Wayne McDonald 2010

18/12/2010 - Foxleigh Mine / Tyre

Wayne McDonald was a truck driver at Foxleigh Open Cut Coal Mine near Middlemount. By about 5.15am on the 18th December, Mr MacDonald had completed transporting nine loads of coal, when he called his base and advised that one of his trailers had sustained a flat tyre. His supervisor  advised him to drive to a location called "The Mailbox", where the tyre could be changed.

During the process of changing the tyre, a tyre catastrophically failed causing an explosion. Mr McDonald suffered fatal injuries in his chest region from the forces of the blast.

The mechanism of tyre burst was known as a Zipper Failure, named by its characteristic failure mode.  It is caused from Fatigue of the steel belts supporting the pressure on the side-walls of the tyre which in turn is caused by running the tyre Overloaded,  Under Inflated or Flat for extended periods of time. 

This accident claimed the life of Wayne McDonald


  1. Review of Tyre Management Practices. Initial review followed by annual reviews.
  2. Tyre jacks have handles of sufficient length to keep operators away from tyres.
  3. Remote / wireless tyre pressure sensing equipment.
  4. Tyre tapping not be continued. Tyre pressures determined using accurate gauges.
  5. Tyre standards be updated or created.
  6. Documented advice from tyre supplies for dispensation from designed operating parameters.
  7. Dispensations from suppliers included in training and operating procedures at mines
  8. Dispensations from suppliers be permanently embossed on the sidewall of the tyre.
  9. Integrity testing of tyres.

Other Information

Wayne McDonald - A Miners Legacy http://www.aminerslegacy.com.au/legacy-page/wayne-macdonald/

Zipper Failure


The typical signs of fatigue – wrinkling or discolouration of the inside walls of tyres, are not always present.  This tyre was examined by an expert tyre fitter in Mackay prior to the incident (to fix the “slow leak”) and by a range of experts after the incident and NO signs of fatigue were evident – yet it did fail from fatigue.   The fatigue may have been caused by operating the tyre under-inflated during the time it had the “slow leak”  or it may have been run as a companion tyre to a flat tyre [the trailers are all dual wheel configuration] or it may simply be due to the industry wide practice of checking tyres by “sounding” or “tyre tapping” them with steel bars – a universal practice but hardly a calibrated means of ensuring correct inflation. 


Again, however, all of this is secondary to the fact that there exists NO fool-proof means for detecting potential fatigue of steel belted Light to Medium radial truck tyres.  No technology exists, no inspection system exists and no universal signs and symptoms will always be present to indicate fatigue. The only documented means of protection that could be located was recommended by American Trucking Association which have published a Recommended Maintenance Practice Manual RP 232 Zipper Rupture Inspection Procedures for Light and Medium Duty Truck Tires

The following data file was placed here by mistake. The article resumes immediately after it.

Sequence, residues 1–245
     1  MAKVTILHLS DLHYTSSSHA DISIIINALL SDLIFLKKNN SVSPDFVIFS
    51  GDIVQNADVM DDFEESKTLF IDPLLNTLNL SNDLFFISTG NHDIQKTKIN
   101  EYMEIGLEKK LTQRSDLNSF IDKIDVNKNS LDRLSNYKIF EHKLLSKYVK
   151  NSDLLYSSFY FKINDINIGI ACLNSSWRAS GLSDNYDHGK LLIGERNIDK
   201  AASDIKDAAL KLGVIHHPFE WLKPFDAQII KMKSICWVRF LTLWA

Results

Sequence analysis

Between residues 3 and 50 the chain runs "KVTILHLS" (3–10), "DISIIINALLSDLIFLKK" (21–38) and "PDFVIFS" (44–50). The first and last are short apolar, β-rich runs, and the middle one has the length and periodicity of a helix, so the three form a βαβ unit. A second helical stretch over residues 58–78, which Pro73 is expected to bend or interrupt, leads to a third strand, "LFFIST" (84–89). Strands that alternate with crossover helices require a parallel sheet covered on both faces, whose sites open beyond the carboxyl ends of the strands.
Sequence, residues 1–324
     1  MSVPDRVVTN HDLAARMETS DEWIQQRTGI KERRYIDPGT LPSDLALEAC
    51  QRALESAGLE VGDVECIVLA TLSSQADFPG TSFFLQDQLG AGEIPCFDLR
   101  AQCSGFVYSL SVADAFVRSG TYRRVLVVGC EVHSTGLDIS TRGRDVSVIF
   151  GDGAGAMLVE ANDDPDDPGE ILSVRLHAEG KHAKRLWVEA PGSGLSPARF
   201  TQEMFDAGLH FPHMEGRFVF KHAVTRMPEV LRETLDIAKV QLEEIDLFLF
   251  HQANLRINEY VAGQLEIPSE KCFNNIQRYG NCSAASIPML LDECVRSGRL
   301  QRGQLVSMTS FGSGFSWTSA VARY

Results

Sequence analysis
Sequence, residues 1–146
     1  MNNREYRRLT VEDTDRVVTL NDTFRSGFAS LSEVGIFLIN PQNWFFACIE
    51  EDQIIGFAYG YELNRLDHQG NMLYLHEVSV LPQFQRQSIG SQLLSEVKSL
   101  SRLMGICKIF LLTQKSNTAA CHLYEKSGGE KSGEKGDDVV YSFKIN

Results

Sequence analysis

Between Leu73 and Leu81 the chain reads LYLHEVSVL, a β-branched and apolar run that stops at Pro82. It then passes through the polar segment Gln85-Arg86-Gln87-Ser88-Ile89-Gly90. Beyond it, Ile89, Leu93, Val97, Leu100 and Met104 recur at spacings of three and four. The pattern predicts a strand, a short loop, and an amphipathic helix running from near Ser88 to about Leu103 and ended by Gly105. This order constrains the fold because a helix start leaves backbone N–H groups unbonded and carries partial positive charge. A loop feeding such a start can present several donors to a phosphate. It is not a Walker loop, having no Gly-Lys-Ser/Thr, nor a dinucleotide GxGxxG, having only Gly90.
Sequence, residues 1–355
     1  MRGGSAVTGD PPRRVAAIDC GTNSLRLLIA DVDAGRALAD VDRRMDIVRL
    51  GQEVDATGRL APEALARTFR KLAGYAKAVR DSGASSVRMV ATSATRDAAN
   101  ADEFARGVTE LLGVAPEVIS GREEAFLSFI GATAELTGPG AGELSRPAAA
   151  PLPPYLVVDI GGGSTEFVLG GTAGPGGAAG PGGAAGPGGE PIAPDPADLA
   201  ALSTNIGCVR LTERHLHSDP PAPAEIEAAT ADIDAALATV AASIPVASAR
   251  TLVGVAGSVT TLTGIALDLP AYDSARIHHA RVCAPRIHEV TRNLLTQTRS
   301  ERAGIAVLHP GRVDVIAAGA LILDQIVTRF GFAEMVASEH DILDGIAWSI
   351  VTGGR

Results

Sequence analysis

This procedure recommends that, following repair or suspected Run-Flat, the tyre be subject to staged inflation to 20% above its operating pressure and then waiting & listening for 20mins for signs of the steel belts failing.  This process suggests that if the tyre was going to burst from fatigue, it would burst during this over-inflation process but within the “safe” confines of an inflation cage.





News Article - Mining Australia

A coronial inquest in Queensland has heard Wayne McDonald died  due to a “zipper failure” which caused a tyre to explode. Wayne Robert MacDonald, 53, was killed at the mine in 2010 after changing a tyre on a trailer attached to a prime mover.

MacDonald was working as a truck operator for Brisbane-based company LCR, a position he had held for over four years.

The inquest heard MacDonald inflated the replacement tyre to 110psi, Daily Mercury reported.He was still under the trailer when the replacement tyre exploded. John Aberdeen, Counsel assisting Central Queensland Coroner David O'Connell, said the "inner side wall of the inside tyre" failed in what was called a "zipper failure".

The tear in the side wall "was sudden and catastrophic" resulting in a "powerful torrent of air" escaping, he said. MacDonald suffered the full force to his chest and upper body and died at the scene.

As part of an investigation by the Mines Inspectorate, the tyres of four prime movers at Foxleigh mine were examined. Lead investigator John Sleigh said there was "a great deal of confusion" from workers at the site as to the correct tyre pressure level. A range of figures were assumed including 100, 110, 120, 125 and 130psi with the inquest hearing any over or under inflation of tyres can compromise safety. Sleigh said he did not examine the pressure of the tyre of the vehicle involved in the incident following MacDonald’s death.

He said a forensic examination of the failed tyre showed a previous slow leak repair and the zipper failure were not connected. MacDonald’s wife, Pam, said her husband was "let down by his employers". "Wayne was hard-working, nothing was too much trouble, he loved life and he was my life," a read out at the inquest said. "The pain and hurt I've to deal with and (am) still dealing with cannot be put into words and I just hope it doesn't take another fatality for changes to continue.

"If something good has to come out of all of this for those who work in the industry, then I feel Wayne's life has not been wasted." The coroner asked Dunlop, Anglo American, LCR and the CFMEU to submit agreed recommendations by June 20.

Source - www.miningaustralia.com.au